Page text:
By Robert M. Burnet
Mezcala Island, a rocky and chayote-covered outcrop near the north shore of Lake Chapala, today bears scant evidence of the long and bloody battle waged there during the Mexican War of Independence from Spain. The little-known battle has considerable historic importance, however, because of the major change it produced in the Spanish attitude toward the treatment of prisoners.
In 1812, the war for independence had been in progress for two years when Encarnación Rosas, a young fisherman from the shores of Lake Chapala, enlisted some 60 men from the area and rose in rebellion against the many Spanish cruelties imposed on the indigenous people there.
Spanish troops moved in to quash the uprising, but Rosas and his men, armed primarily with lances, sticks and rocks, and reinforced with insurgents headed by José Santa Anna, defeated them near the town of Mezcala on the north shore of the lake.
The Spaniards lost sixty men and a great quantity of war materials.
This bloody defeat prompted a new attack against the rebels, this time with 200 men against about an equal number commanded by Rosas and Santa Anna. The two forces met at the town of San Pedro Itxican, east of Mezcala, The rebels retreated in the face of the better-armed opposition, but the burning of San Pedro Itxicán by the Spaniards prompted a counterattack that forced the Spaniards to flee to Poncitlan, leaving behind many dead and three hundred firearms. The rebels then attacked Poncitlan, and after a day-long fight, pushed the Spaniards into the Santiago River, where many died. When the insurgents withdrew to the nearby mountains, the Spaniards reoccupied Poncitlan, but the rebels again attacked, completely destroying the Spanish forces and capturing 100 firearms, two cannons and most of the ammunition.
Now better equipped for battle, Rosas and Santa Anna moved to Mezcala Island, where they gathered nearly 1000 men from the nearby lakeshore towns and set the scene for the long siege of the rebel stronghold.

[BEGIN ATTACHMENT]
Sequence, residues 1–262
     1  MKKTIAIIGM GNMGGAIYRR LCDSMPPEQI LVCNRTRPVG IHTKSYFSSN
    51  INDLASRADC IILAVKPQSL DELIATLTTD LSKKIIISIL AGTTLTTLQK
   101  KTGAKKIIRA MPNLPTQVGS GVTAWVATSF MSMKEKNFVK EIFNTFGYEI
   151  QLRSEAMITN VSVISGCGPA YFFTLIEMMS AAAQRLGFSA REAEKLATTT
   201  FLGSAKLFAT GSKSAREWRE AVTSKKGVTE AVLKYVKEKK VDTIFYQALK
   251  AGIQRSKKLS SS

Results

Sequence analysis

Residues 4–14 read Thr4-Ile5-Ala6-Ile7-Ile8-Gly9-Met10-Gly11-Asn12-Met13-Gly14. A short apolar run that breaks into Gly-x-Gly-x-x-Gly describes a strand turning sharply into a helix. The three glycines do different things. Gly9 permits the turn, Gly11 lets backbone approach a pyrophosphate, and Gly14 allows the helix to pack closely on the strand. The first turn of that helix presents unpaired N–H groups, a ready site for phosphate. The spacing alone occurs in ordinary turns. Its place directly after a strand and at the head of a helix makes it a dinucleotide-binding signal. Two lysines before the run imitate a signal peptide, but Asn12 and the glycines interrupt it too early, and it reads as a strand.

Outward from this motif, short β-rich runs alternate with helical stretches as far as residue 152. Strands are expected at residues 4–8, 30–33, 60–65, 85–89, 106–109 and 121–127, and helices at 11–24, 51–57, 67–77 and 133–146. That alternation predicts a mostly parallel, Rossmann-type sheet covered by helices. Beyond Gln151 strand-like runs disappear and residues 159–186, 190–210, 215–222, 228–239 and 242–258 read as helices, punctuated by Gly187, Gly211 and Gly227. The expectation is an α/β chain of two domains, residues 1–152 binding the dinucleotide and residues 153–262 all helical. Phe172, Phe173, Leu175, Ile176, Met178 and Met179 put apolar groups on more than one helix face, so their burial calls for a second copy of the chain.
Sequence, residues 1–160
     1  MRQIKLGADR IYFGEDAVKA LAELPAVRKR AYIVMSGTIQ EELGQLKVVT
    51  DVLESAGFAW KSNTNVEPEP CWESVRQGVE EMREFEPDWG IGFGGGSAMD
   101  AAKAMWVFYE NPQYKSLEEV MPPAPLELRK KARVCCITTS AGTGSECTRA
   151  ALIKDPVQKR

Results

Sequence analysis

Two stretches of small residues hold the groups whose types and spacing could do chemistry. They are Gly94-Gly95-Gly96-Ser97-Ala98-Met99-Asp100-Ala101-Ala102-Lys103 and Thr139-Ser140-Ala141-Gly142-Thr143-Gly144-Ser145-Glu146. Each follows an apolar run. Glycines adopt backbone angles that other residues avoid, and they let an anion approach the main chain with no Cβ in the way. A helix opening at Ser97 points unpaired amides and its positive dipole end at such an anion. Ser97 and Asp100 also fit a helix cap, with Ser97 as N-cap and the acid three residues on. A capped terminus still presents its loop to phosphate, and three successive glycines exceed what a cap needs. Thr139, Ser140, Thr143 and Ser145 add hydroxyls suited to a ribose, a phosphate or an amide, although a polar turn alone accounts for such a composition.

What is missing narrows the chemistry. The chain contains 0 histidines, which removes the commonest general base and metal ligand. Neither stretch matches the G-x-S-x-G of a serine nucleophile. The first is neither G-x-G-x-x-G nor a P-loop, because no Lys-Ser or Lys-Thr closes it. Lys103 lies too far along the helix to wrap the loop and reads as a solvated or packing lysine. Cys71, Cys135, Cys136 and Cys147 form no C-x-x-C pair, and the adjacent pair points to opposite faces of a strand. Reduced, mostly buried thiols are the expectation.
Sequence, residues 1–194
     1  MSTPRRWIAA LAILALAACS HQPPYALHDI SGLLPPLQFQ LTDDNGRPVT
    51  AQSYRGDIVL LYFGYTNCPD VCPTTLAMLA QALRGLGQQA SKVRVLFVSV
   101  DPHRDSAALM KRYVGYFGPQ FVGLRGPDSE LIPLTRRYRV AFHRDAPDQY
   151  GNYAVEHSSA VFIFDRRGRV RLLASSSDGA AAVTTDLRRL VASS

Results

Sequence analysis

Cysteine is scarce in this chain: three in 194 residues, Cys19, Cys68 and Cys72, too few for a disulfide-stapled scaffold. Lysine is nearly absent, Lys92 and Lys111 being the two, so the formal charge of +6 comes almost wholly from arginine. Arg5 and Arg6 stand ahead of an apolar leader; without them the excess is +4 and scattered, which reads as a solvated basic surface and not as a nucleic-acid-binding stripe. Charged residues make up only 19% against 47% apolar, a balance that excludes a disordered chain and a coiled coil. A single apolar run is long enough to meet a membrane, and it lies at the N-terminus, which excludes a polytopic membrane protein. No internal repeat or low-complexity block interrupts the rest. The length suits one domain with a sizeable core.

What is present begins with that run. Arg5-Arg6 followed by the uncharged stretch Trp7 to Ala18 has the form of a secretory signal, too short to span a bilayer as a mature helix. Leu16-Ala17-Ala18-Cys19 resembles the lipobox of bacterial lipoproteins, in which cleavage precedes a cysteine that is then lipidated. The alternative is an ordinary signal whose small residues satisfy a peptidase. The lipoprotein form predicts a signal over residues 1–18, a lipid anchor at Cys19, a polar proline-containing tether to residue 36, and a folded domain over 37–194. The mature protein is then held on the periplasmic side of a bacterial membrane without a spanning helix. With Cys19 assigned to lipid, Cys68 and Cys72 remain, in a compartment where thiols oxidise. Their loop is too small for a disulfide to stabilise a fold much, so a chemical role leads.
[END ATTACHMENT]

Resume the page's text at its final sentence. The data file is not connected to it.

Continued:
While Rosas was instrumental in fomenting the original insurgent movement in the Lake Chapala area, the soul of the resistance on Mezcála Island was Don Marcos Castellanos, a former curate of Ocotlán who had proclaimed the insurrection in his area in November 1810. As described by Don Julio Zárate, in the third volume of México a Través de Los Siglos, Castellanos was “a resolute and serene man, with military talent, who carried in his heart a sacred desire for independence and was the choice as chief to direct that group of fervent and obstinate patriots.” Castellanos built a series of trenches around the island, acquired canoes and food and trained the garrison in the use of arms.
For his part, Don Jose de la Cruz, the governor of New Galicia, as Jalisco was then called, moved to exterminate what Zarate called “that group of brave insurgents, who, in a few months and with such scarce resources, had humiliated the Spaniards in four successive armed encounters.” Cruz ordered Lt. Col. Angel Linares to march to the lake at the end of December 18 12, and to attack the island as soon as a launch and various other boats arrived from the Nayarit port of San Blas. Linares made his camp on the still-smoking ruins of the village of Tizapán, which he had burned because it served as a food and supply depot for the defender of Mezcala Island. In February 1813, he attacked the island, in an effort which proved disastrous for the Spaniards.
Only a few soldiers escaped and Linares and others were captured.
Cruz reported the action to Viceroy Don Francisco Javier Venegas, then governor of New Spain, in part:
“ . . . When Linares embarked with his seven canoes, he came too close to the island and was surrounded by more than 70 canoes and in spite of giving glorious resistance, was finally the victim of imprudent and unnecessary rashness . . . I cannot please myself with thinking that any of the unfortunate officers and troops are prisoners, because I know the fierceness of those Indians . . . we saved only three canoes . . .” Cruz pleaded with Viceroy Venegas to send men to replace those lost in this first attack on the island.
Some accounts state that the rebels took Linares to the ruins of Tizapán, where they hanged him, threw his body into the lake and executed 15 other prisoners. As the siege wore on, the Mezcala insurgents, especially the industrious Santa Anna, repeatedly attacked the Spanish forces wherever they tried to establish positions around Lake Chapala. Improvements to the fortifications of the island continued with the installation of 17 cannons, many fírearms and much ammunition captured from the Spaniards.
Cruz ordered more boats, which were brought to the lake from San Blas on heavy carts, and in June 1813, Spanish colonel Don Pedro Celestino Negrete gathered 1200 well-trained troops in the town of Tlachichilco, just west of the village of Mezcala. He attacked the island, but the defenders replied with heavy cannon fire and “when the boats approached the cliffs of the island, the Indians of Mezcala covered them with a rain of rocks that caused immense damage to the attackers.” (Zárate) The Spaniards again withdrew after losing many sailors and soldiers.